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Thread: New find of lorica segmentata

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    Default New find of lorica segmentata

    Archaeologists have made an important discovery: armor lorica segmentata was found at the battlefield Kalkriase, from the Augustus period. in very good condition. Especially because of the armor's design, it differs from the versions found in the UK. It can be seen that it has no arm covers. This suggests that the armor has evolved over time to accommodate different enemies.
    Thus, it can be inferred that Lorica Segmentata is very popular, because no one has upgraded to something that is rarely used.

    https://www.ndr.de/nachrichten/niede...kriese446.html

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    Default Re: New find of lorica segmentata


  3. #3

    Default Re: New find of lorica segmentata

    You know, for a people that used really large shields, the Romans sure did focus quite a bit on torso protection.

    How were manica's not universal is my question...

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    Himster's Avatar Praeses
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    Default Re: New find of lorica segmentata

    Quote Originally Posted by Mamlaz View Post
    How were manica's not universal is my question...
    The expense, it had to be tailored to an individual (more or less) and the difficulty in maintenance would be my guess.
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    antaeus's Avatar Whataboutery
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    Default Re: New find of lorica segmentata

    The most common modern soldier's body armour consists of a ceramic or metal chest/back plate, the cuirass far outlasted the rest of a late medieval suit of armour in use - even until the early 20th century in some cases.

    Blows to the torso are more likely to be life threatening than to the lower limbs.
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    Default Re: New find of lorica segmentata

    Quote Originally Posted by antaeus View Post
    ...
    Blows to the torso are more likely to be life threatening than to the lower limbs.
    Good points. About this one, I think people go for the body? I have a fuzzy idea in my head that most limbs can wiggle out of the way. In Australia cops and soldiers aim for the centre of the target (this comes up in "why don't cops just shoot the knife out of an assailants hands?" debates), I suppose archers (and other missile troops) did the same.
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    conon394's Avatar hoi polloi
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    Default Re: New find of lorica segmentata

    Quote Originally Posted by Mamlaz View Post
    You know, for a people that used really large shields, the Romans sure did focus quite a bit on torso protection.

    How were manica's not universal is my question...

    Your enemy is likely aiming at center mass. Also all to many light wounds to the chest can get ugly and had no good remedy vs say a limb that is injured.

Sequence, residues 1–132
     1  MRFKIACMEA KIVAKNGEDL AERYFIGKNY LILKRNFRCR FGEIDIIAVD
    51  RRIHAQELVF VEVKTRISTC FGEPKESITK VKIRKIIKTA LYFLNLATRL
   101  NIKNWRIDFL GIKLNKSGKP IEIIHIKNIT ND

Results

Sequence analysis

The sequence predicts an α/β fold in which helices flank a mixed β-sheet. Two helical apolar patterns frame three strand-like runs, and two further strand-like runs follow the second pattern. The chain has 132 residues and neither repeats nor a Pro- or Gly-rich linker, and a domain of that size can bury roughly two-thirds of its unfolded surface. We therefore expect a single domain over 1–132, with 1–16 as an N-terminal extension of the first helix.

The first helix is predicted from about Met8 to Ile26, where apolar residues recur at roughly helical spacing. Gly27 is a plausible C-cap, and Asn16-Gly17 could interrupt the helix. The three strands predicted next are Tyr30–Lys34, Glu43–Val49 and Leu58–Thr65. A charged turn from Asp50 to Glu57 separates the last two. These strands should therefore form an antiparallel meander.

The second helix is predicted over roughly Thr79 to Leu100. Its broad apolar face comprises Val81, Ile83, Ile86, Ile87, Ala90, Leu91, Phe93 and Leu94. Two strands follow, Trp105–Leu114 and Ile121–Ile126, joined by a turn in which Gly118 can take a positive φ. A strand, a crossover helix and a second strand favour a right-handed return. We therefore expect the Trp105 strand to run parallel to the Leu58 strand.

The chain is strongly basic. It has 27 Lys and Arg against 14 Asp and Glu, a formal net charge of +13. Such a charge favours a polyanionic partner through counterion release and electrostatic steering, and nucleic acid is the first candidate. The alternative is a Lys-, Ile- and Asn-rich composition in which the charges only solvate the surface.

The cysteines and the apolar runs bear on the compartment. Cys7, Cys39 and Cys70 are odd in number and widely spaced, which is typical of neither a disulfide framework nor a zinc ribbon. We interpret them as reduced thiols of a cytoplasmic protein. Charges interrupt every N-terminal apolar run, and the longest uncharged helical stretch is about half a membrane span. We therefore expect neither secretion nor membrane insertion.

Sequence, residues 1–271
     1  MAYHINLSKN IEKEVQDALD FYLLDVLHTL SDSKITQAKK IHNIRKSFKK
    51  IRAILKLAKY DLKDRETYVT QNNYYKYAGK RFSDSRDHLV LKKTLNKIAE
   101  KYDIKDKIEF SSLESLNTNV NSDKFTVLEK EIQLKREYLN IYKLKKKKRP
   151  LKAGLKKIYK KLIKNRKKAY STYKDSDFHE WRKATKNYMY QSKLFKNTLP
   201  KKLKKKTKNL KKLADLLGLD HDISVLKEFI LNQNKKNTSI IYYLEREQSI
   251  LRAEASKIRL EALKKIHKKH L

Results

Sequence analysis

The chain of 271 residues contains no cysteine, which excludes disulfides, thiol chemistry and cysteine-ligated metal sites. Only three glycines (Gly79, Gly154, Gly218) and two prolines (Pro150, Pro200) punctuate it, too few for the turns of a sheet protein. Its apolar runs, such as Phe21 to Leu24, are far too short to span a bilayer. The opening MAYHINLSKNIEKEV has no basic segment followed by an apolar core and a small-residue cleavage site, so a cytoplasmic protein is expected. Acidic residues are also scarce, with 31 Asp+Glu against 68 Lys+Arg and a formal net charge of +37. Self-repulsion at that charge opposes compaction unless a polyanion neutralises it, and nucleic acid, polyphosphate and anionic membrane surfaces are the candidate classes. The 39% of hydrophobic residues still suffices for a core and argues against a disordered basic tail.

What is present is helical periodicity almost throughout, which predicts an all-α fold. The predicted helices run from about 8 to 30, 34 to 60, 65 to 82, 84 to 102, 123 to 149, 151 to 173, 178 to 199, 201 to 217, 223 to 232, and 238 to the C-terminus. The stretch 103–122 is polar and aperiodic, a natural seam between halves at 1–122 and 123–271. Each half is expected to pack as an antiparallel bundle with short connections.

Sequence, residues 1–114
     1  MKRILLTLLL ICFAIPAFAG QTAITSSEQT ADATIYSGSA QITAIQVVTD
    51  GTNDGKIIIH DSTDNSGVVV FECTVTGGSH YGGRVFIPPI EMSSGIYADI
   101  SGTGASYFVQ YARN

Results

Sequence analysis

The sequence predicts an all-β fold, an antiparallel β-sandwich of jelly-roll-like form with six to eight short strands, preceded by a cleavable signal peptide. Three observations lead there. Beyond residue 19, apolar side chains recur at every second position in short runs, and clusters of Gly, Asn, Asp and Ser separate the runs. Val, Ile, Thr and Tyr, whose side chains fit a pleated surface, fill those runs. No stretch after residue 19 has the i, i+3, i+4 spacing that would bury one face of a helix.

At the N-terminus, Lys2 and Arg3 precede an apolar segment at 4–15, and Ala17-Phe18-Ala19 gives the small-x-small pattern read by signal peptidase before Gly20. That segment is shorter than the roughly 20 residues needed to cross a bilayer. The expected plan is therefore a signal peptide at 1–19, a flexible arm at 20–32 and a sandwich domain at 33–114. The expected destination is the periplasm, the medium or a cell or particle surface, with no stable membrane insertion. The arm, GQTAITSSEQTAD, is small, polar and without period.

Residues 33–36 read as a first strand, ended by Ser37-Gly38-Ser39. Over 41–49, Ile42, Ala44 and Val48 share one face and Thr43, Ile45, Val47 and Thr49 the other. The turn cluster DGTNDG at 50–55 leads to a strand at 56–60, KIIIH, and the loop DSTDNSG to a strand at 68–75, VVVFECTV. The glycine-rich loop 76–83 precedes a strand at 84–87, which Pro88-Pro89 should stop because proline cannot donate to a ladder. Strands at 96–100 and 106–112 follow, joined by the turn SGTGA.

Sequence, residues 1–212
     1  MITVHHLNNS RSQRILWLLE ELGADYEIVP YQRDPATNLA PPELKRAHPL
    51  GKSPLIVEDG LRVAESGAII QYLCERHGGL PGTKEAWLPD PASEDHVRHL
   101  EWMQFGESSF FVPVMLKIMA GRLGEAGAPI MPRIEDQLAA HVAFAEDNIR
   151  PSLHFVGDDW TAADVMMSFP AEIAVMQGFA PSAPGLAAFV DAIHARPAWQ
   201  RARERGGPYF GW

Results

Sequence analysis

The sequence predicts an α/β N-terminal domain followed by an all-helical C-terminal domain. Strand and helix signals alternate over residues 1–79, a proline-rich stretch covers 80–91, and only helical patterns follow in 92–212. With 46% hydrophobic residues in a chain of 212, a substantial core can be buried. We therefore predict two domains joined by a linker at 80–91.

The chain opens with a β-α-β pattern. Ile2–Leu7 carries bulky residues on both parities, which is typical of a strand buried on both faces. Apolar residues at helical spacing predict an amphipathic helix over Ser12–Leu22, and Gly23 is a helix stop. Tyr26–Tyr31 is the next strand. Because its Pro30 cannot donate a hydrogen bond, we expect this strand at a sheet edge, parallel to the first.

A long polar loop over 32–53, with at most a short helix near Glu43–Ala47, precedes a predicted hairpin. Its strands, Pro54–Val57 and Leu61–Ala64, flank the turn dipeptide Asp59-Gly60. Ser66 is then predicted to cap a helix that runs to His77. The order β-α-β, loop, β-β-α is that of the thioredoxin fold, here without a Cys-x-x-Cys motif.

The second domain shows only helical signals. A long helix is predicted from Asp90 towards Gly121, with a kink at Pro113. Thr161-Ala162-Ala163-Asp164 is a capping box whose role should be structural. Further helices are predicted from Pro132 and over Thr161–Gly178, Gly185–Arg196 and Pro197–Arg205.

Redundant know forgot to post. Depends on if the archers were aiming but even in volley fire your arms and legs would be a smaller target.

    The expense, it had to be tailored to an individual (more or less) and the difficulty in maintenance would be my guess.
    Although you would think you get away with off the rack pieces of various sizes to any one stolider a kit. But than you are still likely holding more iron in storage than just putting together a chain mail.
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    Roma_Victrix's Avatar I am your sovereign now
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    Default Re: New find of lorica segmentata

    At the Battle of the Teutoburg Forest, no less, so basically dated circa 9 AD. Cool! From what I understand there was an even earlier archaeological find at Dangestetten in southwestern Germany near the Swiss border, dated to 9 BC. I would be very surprised, however, if there was ever a discovery of lorica segmentata dated to the very late Republican period right before the ascension of Octavian as Augustus. It seems to be an innovation that existed well into the period of his reign and it is frustrating that surviving depictions of it in Roman artwork come way later with monuments like Trajan's Column.

    As for this being a new discovery, I think it has actually been known for a while, since the example at Kalkriese is discussed by M.C. Bishop in his book Lorica Segmentata Volume I: A Handbook of Articulated Roman Plate Armour (2002).

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    Default Re: New find of lorica segmentata

    Quote Originally Posted by conon394 View Post
    Your enemy is likely aiming at center mass. Also all to many light wounds to the chest can get ugly and had no good remedy vs say a limb that is injured.


    Quote Originally Posted by antaeus View Post
    The most common modern soldier's body armour consists of a ceramic or metal chest/back plate, the cuirass far outlasted the rest of a late medieval suit of armour in use - even until the early 20th century in some cases.
    Quote Originally Posted by antaeus View Post

    Blows to the torso are more likely to be life threatening than to the lower limbs.


    Yes but you have a shield in front of you?

    Even if you cannot fully rely on it, your swinging arm is far more likely to be exposed in a close engagement.

    Though, if they did not use them that much, they probably did not need them perhaps.





    Quote Originally Posted by Himster View Post
    The expense, it had to be tailored to an individual (more or less) and the difficulty in maintenance would be my guess.
    I do not see why a manica would have to be tailored.

    I made one for myself by cutting a long narrow sheeth of metal with a grinder in 30ish stripes and gave them to be drilled at a neighbours machine.

    It looked and all the parts were literally identical, it looked ugly as hell, yet there was no discomfort over a long sleeve and no loss of movemnt.

    A standard tailored shape mass produced could be made one size fits all by simply removing or adding plates for longer or shorter arms.